What are OKRs in business, and how do they work? How can OKRs help you better your business and increase profits?
OKRs in business are the best way to create and maintain business goals. OKRs are specific, measurable, and results oriented. They’re commonly used by successful businesses like Google.
Keep reading to find out the answer to the question “what are OKRs in business” and learn how you can use OKRs.
Background on OKRs
In 1999, Google was a small startup with an ambitious goal: to make the internet relevant and accessible to everyone. Unfortunately, founders Larry Page and Sergey Brin had zero experience managing a company, and there were already 17 other search engines competing for market dominance. Page and Brin had to figure out how to break down their broad, ambitious mission into manageable, measurable pieces, and they had to do it quickly. Luckily, venture capitalist John Doerr, who had a 12% stake in the company, had just the tool: a management system he’d learned as an Intel employee in the ’70s.
Doerr rechristened Intel’s process the “OKR management system,” and Doerr’s Measure What Matters is a guide to implementing this system. As its name implies, the book helps you figure out what matters at your company and how to measure its success. Keep reading to find out the answer to the question, “what are OKRs in business?”
What Are OKRs in Business?
So what are OKRs in business? OKR in business stands for Objectives and Key Results. They help companies, teams, and individuals set, measure, and reflect on goals in a structured, meaningful way.
The objective is the goal, what the company, team, or individual aims to achieve. In other words, the objective is the “what.” So how do objectives help answer the question “what are OKRs in business?”
- State the overall goal or vision
- Must be tangible, concrete, and objective
- Must be action-oriented
Example: Hire new employees to meet the needs of the expanding organization.
Key results are benchmarks toward the objective. In other words, key results are the “how,” the steps you need to take to meet your goal. So how do key results help you answer the question “what are OKRs in business?” Let’s find out.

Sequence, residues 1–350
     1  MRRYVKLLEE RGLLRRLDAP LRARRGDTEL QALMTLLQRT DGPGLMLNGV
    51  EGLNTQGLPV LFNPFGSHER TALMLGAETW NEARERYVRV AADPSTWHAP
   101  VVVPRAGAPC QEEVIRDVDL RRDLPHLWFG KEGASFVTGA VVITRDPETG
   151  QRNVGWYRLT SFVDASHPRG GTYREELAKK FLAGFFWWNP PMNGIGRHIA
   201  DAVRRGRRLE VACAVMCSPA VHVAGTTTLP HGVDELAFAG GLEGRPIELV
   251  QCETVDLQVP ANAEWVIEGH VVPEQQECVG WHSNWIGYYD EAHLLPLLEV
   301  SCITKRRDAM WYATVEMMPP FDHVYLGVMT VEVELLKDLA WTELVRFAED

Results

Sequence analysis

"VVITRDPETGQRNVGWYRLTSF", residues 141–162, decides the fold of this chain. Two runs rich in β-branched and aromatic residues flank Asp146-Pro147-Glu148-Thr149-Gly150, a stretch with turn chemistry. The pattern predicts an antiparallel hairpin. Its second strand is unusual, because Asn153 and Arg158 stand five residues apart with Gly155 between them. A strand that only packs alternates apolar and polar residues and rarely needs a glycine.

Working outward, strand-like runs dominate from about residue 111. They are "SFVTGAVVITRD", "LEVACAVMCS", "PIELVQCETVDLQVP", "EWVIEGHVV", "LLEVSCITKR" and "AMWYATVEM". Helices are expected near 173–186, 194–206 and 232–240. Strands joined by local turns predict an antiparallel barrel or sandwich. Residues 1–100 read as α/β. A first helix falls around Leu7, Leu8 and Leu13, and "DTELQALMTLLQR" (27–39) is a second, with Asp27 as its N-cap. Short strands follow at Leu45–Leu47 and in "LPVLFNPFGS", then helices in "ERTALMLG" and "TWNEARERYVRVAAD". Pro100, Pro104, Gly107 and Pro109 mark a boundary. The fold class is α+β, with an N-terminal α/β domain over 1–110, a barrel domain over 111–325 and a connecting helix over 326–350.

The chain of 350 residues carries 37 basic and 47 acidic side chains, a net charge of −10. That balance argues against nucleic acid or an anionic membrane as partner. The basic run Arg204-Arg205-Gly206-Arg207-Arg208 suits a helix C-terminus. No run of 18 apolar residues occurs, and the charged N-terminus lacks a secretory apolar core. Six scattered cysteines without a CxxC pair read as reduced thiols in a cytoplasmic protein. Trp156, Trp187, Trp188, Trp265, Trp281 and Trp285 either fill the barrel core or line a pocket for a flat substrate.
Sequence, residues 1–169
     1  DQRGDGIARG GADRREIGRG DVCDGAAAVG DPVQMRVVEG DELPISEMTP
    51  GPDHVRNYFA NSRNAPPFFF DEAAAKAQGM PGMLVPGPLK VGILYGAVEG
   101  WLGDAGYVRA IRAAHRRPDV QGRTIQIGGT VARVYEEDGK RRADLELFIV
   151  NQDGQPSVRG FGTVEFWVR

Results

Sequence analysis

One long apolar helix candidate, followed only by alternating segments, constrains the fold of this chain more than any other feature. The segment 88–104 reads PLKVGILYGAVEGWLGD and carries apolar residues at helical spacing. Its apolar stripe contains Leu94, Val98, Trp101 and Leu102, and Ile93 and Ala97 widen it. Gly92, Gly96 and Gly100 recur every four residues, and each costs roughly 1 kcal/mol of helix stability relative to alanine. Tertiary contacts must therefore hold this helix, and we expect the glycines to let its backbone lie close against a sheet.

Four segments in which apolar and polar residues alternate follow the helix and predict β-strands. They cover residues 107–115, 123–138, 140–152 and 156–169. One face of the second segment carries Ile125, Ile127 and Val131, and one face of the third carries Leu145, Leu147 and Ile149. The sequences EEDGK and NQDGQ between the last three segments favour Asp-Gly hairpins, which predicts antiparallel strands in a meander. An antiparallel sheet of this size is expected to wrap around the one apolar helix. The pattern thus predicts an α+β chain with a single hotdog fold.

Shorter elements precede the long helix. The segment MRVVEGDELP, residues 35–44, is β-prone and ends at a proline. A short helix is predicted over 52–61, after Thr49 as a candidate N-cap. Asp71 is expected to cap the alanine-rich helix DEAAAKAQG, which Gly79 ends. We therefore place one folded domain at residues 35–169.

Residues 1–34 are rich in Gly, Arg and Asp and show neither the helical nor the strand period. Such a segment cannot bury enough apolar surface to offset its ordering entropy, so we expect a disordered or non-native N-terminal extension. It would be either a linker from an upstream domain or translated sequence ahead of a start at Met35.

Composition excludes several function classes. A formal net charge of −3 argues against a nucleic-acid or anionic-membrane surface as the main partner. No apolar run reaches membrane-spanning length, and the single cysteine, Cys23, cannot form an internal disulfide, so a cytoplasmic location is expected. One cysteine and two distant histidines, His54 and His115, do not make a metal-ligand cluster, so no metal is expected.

- State the measurable sub-goals that, if achieved, will collectively result in achieving the objective
- Usually include numbers (revenue, market share, active users, growth, and so on)
- Are time-bound (they include specific deadlines)
- Are black-and-white—you either succeed in achieving a key result, or you don’t
- Are relatively challenging. If a key result seems easy, it, or your objective, may not be ambitious enough
Objective: Hire new employees to meet the needs of the expanding organization.
Key Result #1: Meet with 3 candidates this month for the role of director of finance and hire 1.
Key Result #2: Meet with 5 candidates this quarter for the role of marketing manager and hire 1.
Key Result #3: Meet with 5 candidates this quarter for the role of product manager and hire 1.
Companies that use this system have OKRs at every tier: Top-line OKRs for the entire company, division OKRs, team OKRs, and individual OKRs. Everyone in the company creates OKRs, and everyone’s OKRs are visible to everyone else.
Traditional Management Systems v. OKRs
Your company likely uses a traditional management system with the qualities listed below. Compare it to the OKR approach:
|Traditional Management Systems||OKRs|
|Key question: What’s the goal?||Key questions: What’s the goal, and how will we get there?|
|Goals reviewed annually||Goals reviewed quarterly or monthly|
|Objectives are private||Objectives are public (even those of the CEO)|
|Alignment is top-down (objectives trickle down from the CEO to frontline employees)||Alignment is top-down, bottom-up, and horizontal|
|Success of objectives is tied to compensation||Success of objectives is (mostly) divorced from compensation|
|System encourages risk-aversion||System encourages risk-taking|
Now you know the answer to the question, “what are OKRs in business” Using OKRs will help you achieve all of the above goals. Remember that an OKR in business should be specific and measurable.
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Like what you just read? Read the rest of the world's best summary of John Doerr's "Measure What Matters" at Shortform.
Here's what you'll find in our full Measure What Matters summary:
- How Google uses OKRs to rally 100,000 employees in the right direction
- How to avoid setting useless OKRs, and how to set great ones
- Key subtle behaviors your team must master to make OKRs work